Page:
Families plead for yacht sea search to resume

Relatives of four British yachtsmen who went missing when a yacht capsized in the mid-Atlantic Ocean has made an emotional appeal to the American authorities to relaunch the search and rescue mission to find them.

Kay Coombes, the sister of Steve Warren, said that she and their mother, Margaret Warren, were convinced that he was still alive and the family was going through an “utter nightmare”.

The plea by the yachtsmen’s families to resume the search for the crew of the Cheeki Rafiki has been backed by an MP, prominent figures in the sailing world and an online petition supported by more than 20,000 people.

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The 40ft yacht ran into difficulties around 620 miles east of Cape Cod in Massachusetts on Thursday while returning to 
the UK from a regatta in 

Contact with the ship’s experienced captain Andrew Bridge, 22, and crew members James Male, 23, Steve Warren, 52, and Paul Goslin, 56, was lost in the early hours of Friday while they diverted to the Azores.

US and Canadian aircraft assisted by three merchant vessels looked for them throughout 
Friday and Saturday but called off the search on Sunday at 5am 
local time amid treacherous weather.

Some 4,000 square miles were scanned for the “very well-equipped” vessel’s two personal location GPS beacons until no more transmissions were received from the devices, which have a short battery life.

On Saturday, a cargo vessel helping with the search spotted and photographed an overturned hull which matched the description of the Cheeki Rafiki but reported no signs of people on board or a life raft.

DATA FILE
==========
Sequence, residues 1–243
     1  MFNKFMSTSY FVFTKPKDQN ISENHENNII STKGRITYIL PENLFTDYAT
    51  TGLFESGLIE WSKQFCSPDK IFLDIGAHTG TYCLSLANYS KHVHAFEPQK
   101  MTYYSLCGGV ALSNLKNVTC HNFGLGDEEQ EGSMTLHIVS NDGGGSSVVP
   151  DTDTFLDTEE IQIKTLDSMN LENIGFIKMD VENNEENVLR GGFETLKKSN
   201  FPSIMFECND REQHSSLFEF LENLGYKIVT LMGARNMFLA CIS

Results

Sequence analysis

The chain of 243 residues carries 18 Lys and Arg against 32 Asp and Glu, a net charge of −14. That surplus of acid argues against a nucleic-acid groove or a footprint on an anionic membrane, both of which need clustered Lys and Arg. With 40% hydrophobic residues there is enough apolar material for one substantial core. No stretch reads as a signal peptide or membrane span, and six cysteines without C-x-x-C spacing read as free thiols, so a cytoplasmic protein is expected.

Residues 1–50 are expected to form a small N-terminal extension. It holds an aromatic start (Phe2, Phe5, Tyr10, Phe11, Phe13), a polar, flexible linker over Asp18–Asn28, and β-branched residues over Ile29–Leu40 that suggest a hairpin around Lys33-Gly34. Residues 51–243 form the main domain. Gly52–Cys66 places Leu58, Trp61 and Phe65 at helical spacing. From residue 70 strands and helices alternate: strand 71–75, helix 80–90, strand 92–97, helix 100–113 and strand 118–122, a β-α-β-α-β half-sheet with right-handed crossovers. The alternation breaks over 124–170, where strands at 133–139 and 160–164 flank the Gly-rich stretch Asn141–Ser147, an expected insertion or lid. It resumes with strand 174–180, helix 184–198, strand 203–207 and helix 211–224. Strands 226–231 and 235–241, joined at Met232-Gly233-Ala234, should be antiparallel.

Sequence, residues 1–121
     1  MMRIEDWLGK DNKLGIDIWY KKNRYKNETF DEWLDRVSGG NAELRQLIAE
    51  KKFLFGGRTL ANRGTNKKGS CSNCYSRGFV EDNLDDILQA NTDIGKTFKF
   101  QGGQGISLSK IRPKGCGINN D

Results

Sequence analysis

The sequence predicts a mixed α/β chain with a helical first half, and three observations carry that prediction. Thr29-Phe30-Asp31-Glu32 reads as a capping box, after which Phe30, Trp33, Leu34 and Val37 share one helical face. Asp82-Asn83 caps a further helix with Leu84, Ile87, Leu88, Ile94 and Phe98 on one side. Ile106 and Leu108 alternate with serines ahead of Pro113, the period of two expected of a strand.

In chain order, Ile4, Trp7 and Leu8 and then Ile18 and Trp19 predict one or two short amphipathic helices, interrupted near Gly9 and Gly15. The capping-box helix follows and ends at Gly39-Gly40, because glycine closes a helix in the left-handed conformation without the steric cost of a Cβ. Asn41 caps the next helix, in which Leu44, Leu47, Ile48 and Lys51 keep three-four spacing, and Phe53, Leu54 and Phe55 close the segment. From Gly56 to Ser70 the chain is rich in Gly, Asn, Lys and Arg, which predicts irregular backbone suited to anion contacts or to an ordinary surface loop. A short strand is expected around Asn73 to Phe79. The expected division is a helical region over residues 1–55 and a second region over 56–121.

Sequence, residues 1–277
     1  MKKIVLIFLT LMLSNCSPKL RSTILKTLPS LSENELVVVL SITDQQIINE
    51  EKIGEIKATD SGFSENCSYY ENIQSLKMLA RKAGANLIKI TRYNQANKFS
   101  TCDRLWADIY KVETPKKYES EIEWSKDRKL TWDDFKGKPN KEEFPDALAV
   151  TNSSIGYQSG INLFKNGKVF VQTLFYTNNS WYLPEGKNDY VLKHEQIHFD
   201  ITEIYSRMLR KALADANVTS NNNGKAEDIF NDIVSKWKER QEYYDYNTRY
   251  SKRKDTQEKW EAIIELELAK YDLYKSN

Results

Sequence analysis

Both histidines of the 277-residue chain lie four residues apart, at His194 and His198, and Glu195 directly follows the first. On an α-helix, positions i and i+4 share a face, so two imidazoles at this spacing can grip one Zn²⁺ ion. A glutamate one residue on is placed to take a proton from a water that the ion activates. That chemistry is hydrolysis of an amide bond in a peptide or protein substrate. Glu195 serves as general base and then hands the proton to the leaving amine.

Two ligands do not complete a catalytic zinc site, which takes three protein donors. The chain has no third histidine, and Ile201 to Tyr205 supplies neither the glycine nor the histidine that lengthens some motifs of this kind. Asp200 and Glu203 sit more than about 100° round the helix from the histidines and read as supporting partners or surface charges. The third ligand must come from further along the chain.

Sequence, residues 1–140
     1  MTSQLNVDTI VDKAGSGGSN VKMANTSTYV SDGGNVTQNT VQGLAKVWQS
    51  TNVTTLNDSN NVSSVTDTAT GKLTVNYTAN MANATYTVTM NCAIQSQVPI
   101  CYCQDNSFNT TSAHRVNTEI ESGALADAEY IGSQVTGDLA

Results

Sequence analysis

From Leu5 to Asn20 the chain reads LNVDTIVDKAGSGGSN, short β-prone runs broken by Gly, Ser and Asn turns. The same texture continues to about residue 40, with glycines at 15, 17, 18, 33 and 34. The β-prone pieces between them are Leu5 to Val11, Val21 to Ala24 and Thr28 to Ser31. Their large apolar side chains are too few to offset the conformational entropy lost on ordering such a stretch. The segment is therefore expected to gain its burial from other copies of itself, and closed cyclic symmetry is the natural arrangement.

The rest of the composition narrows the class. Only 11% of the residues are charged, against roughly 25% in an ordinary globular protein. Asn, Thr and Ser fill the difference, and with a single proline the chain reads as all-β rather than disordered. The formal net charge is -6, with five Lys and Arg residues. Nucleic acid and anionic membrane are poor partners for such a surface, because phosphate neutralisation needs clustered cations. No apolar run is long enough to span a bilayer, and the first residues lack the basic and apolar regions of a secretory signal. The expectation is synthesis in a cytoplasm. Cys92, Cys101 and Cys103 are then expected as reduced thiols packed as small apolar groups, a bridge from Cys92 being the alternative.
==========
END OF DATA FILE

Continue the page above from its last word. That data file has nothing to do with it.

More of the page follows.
Kay Coombes said: “It’s an utter nightmare, we are grateful for the US and Canadian coast guards for what they have done so far but it’s stopped too soon after two days, it’s not long 
enough, we believe they are still alive.

“They are four strong-minded, physically strong sailors, they knew they were in difficulties and had every opportunity to get into the life raft which would have had provisions for several days. But if no one is looking for them, they won’t be found.”

Mr Bridge’s aunt, Georgina Bridge, said: “Obviously we are all devastated by what is happening. We just want the search to resume.

“We have great appreciation for the efforts the US Coastguard and our Foreign Office have made but obviously we believe there is hope and there is a possibility of them being found alive.

“The hull has not been examined so that is a possibility, there is a possibility they may have been able to launch a life raft, we just do not know.

“Obviously the conditions are difficult; we appreciate every effort is being made but we were surprised the search was called off so early. We are in contact with the Foreign Office and they have been helpful.”

Caroline Nokes, the Conservative MP for Romsey and Southampton North, said that she had been told by the Foreign Office that it was “investigating every avenue it can do” to try to encourage the US Coastguard to act for longer.